I Love How You Tease
I just recently noticed that movie trailers occasionally show shots or even dialogue that are not in the actual movie. The trailer for American Gangster ends with a low-angle shot of a revolver falling on the floor and a man in a suit (we can assume Frank Lucas) walking away, all in slo-mo. This shot was never in the movie, slo-mo or otherwise. I remember the trailer for Interview With The Vampire showing Tom Cruise saying "You're a vampire who never knew what life was 'til it ran out in a red gush." Again, he never said that in the movie. Is this just because the trailer is compiled before the film's final cut?
Ratatouille, on the other hand, http://www.youtube.com/watch?v=cxbruOoXfOA">had a trailer which had NOTHING from the movie in it, and actually pretty much qualified as an animated short. It was really cool, and it makes more sense than the examples above, except it seems that it would cost more money than it's worth as opposed to compiling already-existing footage into a trailer. Can you think of any other examples of these types of things?
Tasha Robinson can, in fact:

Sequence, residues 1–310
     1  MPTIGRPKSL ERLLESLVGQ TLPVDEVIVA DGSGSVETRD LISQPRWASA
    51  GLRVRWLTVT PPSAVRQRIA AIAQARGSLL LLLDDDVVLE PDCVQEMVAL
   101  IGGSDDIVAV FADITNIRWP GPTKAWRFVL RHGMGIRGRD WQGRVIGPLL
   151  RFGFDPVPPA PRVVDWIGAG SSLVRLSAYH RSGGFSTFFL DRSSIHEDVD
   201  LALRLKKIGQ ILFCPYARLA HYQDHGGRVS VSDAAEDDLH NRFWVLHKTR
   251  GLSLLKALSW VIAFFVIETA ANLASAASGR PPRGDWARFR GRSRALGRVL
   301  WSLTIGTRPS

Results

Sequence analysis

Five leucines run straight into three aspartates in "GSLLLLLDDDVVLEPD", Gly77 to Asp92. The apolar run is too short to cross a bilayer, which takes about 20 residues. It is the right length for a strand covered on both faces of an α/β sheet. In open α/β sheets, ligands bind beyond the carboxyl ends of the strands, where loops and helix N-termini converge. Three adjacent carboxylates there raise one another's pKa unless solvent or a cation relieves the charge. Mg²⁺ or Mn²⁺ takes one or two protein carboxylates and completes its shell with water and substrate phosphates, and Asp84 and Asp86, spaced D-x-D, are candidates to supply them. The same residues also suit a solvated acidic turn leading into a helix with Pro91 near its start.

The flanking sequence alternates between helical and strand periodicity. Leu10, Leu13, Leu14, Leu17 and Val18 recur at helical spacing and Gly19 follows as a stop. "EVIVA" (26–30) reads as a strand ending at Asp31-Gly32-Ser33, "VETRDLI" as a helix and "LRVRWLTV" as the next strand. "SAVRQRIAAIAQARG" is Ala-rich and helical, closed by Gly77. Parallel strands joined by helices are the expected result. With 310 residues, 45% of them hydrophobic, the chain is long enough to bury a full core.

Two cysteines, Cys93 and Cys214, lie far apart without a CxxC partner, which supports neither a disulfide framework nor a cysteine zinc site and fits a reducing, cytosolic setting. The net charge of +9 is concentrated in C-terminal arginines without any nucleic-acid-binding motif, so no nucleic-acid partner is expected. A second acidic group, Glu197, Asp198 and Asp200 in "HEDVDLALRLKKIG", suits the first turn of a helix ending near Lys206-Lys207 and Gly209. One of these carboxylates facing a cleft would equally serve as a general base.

The whole "movie trailer doesn't match the movie" phenomenon is becoming more common in this era of long lead times, when the first ads for films will sometimes hit theaters more than a year before the films. Sometimes the trailers jump the gun on the movie's final cut because a studio wants to build early word-of-mouth or gauge interest in a fan-pandering project. Sometimes it's because a film that's already been advertised does poorly in test screenings or a limited run, or because there's a key personnel change at the releasing studio, so a film release gets postponed and the film gets re-edited. Add all this to the fact that trailers are generally assembled by marketers, not by the filmmakers—and, as you suggested, the marketers may not have access to the final cut of the film when the trailer is made—and it becomes a bit of a wonder that trailers wind up even remotely resembling the films they're shilling.